Sunday, March 11, 2007

Mock The Ethicist: 3/11/2007

After reading this week's column I unmderstand why Randy's advice always seems so off-base: he's filing these columns from Bizarro World. Just look at the evidence:

Given recent trends I suspect that next week he'll have a column dealing with the ethical implications of your neighbor's barking cat.

Seriously, though, his whole answer this week is predicated on the assumption that high school students don't know that people can Google them. That's a load of crap... its nothing more than adults projecting their own ignorance onto the students. A high school senior with a blog knows very well that ey can be Googled; ey're just gambling that people won't bother to search or that the "needle in a haystack" effect will protect them. Yeah, sure, students who get caught writing something the probably shouldn't have will say "But I didn't know...", but they're just trying to cover their asses.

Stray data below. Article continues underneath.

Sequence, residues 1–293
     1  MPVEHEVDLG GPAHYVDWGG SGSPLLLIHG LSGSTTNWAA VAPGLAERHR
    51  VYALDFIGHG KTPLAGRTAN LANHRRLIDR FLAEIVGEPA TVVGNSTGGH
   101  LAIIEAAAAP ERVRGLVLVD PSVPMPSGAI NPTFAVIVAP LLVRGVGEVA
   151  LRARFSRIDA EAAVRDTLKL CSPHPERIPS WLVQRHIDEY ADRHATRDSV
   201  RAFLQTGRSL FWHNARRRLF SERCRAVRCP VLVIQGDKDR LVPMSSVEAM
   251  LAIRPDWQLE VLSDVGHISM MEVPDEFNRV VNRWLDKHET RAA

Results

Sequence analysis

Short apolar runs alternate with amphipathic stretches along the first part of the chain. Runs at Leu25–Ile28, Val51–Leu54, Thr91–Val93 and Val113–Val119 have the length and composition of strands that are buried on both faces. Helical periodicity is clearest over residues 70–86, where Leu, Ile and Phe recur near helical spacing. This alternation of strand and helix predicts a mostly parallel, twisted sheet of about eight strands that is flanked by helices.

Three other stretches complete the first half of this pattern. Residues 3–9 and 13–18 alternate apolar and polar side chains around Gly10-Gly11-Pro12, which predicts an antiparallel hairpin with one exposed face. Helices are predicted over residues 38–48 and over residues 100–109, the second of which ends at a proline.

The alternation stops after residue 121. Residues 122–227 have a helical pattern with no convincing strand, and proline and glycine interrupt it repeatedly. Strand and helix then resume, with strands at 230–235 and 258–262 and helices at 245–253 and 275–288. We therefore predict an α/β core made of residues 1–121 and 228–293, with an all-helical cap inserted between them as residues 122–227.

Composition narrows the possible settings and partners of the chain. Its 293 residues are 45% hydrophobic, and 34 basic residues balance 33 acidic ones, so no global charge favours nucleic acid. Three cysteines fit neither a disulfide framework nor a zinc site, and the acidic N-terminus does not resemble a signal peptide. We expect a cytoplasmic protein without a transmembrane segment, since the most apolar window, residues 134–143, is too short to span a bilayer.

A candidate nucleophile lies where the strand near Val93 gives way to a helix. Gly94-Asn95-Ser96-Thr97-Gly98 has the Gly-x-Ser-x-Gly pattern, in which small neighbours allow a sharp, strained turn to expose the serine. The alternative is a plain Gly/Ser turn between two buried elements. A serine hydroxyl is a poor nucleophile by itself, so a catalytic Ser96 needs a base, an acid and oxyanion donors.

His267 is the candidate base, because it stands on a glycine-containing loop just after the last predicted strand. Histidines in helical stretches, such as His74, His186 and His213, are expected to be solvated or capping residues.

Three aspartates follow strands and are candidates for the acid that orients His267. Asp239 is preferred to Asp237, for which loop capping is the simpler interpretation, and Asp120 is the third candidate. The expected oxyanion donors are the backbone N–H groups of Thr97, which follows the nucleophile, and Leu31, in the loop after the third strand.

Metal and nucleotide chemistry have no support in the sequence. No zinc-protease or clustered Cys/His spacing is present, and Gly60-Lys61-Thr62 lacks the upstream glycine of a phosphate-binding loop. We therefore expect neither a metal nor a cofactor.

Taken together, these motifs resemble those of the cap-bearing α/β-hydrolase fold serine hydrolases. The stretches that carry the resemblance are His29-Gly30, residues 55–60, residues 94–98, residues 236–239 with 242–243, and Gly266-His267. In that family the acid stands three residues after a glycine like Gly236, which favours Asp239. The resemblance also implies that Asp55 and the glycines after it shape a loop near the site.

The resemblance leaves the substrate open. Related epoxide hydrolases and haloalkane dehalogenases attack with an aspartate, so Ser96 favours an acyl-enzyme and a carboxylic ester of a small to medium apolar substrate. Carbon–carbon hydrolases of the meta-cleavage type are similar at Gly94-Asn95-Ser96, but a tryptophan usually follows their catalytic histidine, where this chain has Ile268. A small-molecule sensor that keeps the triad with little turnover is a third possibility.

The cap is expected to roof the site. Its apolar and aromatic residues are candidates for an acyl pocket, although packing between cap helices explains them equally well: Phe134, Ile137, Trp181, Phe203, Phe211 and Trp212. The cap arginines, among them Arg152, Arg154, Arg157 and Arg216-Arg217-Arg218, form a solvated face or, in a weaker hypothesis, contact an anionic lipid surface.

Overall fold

So I say go ahead and call eir bluff; its public information, do with it what you will. However, and this is where Randy really falls down, you should treat material found online in the same fashion as any other material. If students are allowed to comment on their transcripts, or their portfolios, or any other part of the application package then they should be allowed to comment on information excavated from the Web as well. Just putting the URL into a report without comment is about the worst thing you can do; it robs whatever material might be at that URL of its context. I needn't remind the reader that decontextualizing documents just leads to badness all around.


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